Internal Hdd For Mac Pro

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Sep 03, 2020 • Filed to: Solve Mac Problems • Proven solutions

'I just bought a new USB flash drive and a hard drive for extra storage, but they are not compatible with my Mac. The only solution I can find is to format the drives but I don’t know how to perform it. Can someone tell me how do I format a new hard drive for Mac?'

There are lots of people who mistakenly think that the USB drives and hard drives format don’t really matter. But the reality is quite different. Whether it is a hard drive or USB or internal drive, Mac uses different format support. So, you can’t simply use the same drive with both Windows and Mac. As a result, you will need to format the hard drive for Mac. Using the Mac preferred file system is important otherwise the files will be of no use to you.

In this article, we are going to discuss how to format a hard drive for Mac and some related terms too.

Part 1. Situations When Formatting a Hard Drive on Mac:

Before you get deep, you must understand what is the drive formatting. Some people confuse the term with reformatting. Basically, formatting is the process of preparing the storage devices such as hard disk drive, solid-state drive, USB flash drive, or any other for initial use.

The basic operation is termed as low-level formatting which means erasing the existing data on the disk. But it leaves the track to recover the data using the recovery tool.

There is another term related to disk formatting and it is called reformatting. It is called high-level formatting as it is used to prepare the disk for different file system formats. It is usually done during the OS installation or adding a new disk. Reformatting is done to free the storage space from the previous content stored in it.

You can consider disk formatting in macOS in various circumstances. Whether your system has corrupted data, damaged software, impending system upgrade, storage is full, or it is running slow, formatting will fix a lot of issues. Take a look at the scenarios given below and you will be sure that disk formatting will help you.

  • If you want to quickly erase all content from the drive permanently without leaving a trace of data on it.
  • If you want to change the format of the disk such as PC format like FAT or exFAT to Mac format.
  • If you see the message that the disk is not readable by Mac.
  • If you want to resolve a disk issue that can’t be fixed by the Repair feature of Disk Utility.
  • If the macOS installer can’t see the disk or unable to install it.
  • In case the macOS installer says that the drive can’t be installed because it is a part of Apple RAID.

Under all these situations, formatting is most likely to fix your problems and you will be able to use the drive on Mac.

Part 2. How to Format a Hard Drive on Mac:

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Formatting is a very simple procedure that is operated in a similar way for all sorts of storage media. So, whether you wish to format the internal hard drive, external drive, or a USB flash drive, the procedure is the same for all. Here is the step by step guide you need to follow to format the hard disk on Mac. Before you erase a disk, make sure that you have a backup of the files you want to keep.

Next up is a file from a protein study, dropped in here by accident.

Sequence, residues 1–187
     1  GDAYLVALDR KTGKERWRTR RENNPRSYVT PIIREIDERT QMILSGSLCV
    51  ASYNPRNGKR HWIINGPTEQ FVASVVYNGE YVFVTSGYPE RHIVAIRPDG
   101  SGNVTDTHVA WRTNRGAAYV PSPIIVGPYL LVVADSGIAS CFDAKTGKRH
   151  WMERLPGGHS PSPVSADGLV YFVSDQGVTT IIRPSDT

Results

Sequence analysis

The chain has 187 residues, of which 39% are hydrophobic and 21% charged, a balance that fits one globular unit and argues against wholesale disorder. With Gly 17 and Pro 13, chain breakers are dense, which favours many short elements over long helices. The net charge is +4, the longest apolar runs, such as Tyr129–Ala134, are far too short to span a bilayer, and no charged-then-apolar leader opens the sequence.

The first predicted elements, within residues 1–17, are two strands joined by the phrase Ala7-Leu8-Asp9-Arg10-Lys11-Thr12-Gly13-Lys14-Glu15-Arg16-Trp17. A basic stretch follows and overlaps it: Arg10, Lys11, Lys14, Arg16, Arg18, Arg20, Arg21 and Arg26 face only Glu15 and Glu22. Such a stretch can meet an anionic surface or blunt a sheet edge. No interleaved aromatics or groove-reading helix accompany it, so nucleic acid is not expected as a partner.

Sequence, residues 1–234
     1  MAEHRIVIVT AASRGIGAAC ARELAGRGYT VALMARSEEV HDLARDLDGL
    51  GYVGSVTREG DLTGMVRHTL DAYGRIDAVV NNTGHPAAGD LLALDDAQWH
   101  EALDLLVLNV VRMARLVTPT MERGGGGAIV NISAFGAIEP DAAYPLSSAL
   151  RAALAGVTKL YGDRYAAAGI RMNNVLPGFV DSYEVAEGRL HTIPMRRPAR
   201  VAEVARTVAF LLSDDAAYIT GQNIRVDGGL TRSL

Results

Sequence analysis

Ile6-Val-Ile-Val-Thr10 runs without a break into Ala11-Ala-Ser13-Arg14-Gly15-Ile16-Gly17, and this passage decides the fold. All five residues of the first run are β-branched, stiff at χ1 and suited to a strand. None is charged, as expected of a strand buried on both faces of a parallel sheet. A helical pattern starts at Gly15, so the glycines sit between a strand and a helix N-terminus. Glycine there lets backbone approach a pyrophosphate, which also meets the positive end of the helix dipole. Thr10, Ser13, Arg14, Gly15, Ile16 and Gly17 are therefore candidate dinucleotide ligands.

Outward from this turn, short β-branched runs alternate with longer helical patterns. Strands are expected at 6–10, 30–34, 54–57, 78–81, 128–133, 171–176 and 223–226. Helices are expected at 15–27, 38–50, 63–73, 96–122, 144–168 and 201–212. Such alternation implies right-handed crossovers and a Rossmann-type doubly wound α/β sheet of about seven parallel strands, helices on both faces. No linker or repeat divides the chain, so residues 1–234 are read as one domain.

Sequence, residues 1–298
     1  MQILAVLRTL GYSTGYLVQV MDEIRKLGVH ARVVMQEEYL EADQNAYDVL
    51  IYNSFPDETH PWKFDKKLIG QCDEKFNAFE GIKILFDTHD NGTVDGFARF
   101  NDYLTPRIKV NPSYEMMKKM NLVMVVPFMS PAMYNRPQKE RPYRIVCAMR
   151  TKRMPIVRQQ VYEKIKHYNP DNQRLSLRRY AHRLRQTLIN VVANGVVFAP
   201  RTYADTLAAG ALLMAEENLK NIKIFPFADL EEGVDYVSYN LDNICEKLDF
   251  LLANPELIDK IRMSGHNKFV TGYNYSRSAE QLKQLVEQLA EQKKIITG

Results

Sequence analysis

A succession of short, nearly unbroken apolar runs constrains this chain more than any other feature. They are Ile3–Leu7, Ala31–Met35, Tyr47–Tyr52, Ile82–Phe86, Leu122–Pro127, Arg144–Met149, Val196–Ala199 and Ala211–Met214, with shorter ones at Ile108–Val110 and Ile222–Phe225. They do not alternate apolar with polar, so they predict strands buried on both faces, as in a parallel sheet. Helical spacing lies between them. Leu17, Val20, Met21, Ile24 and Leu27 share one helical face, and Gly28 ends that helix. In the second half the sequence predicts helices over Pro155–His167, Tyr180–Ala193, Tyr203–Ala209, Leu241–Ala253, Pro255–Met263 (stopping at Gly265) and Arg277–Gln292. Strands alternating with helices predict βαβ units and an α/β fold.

Step 1: Connect the USB drive or external drive to Mac and launch the Disk Utility from Applications.

Step 2: From the left side panel, pick the volume or the drive that you want to format and switch to the Erase tab.

Step 3: As you click on the Erase button, you will see several fields in the section. Enter the given information-

  • Name- Enter a name for the disk such as Macintosh HD/SSD/USB Drive or anything else you want.
  • Format- You have to choose a Mac supported format from the list. The most recommended format is APFS or Mac OS Extended (Journaled). There are numerous other formats too which will be displayed in the drop-down menu. You can select any format as per your requirement.
  • The scheme- If this option is available, then you should choose the GUID Partition Map from the option.

Step 4: After specifying the fields, click on the Erase button at the bottom of the window and Disk Utility will format the drive.

Once the formatting is complete, you can use the disk for a backup drive, sharing, time machine backup, or any other requirement. In case if the drive doesn’t appear in the Disk Utility interface, you will have to disconnect all the extra and non-essential devices connected to Mac. Make sure that the External drive is on and connected properly. Restart your Mac and then carry out the task.

Part 3. How to Perform Mac Data Recovery After Format:

There are situations when Mac users don’t get the chance to create a backup of their data and forced to format the hard drive. But you don’t need to panic. You can get your hands on Recoverit data recovery for Mac. If you have mistakenly formatted the data that you still need, Recoverit is the best chance you have to get the files back. It is a complete data recovery solution that is capable of recovering all kinds of files with wide format support of 1000+.

You can download the software from the official website and install it immediately on Mac. Once the setup is complete, follow the steps below to recover formatted drive files.

Step 1: Specify Location:

Run the program and specify a location from the main drive. If data is lost from an external drive or USB flash drive, then you’ll have to connect the drive with the system and then specify the location.

Click on the Start button to initiate the scanning process.

Step 2: Scan Results: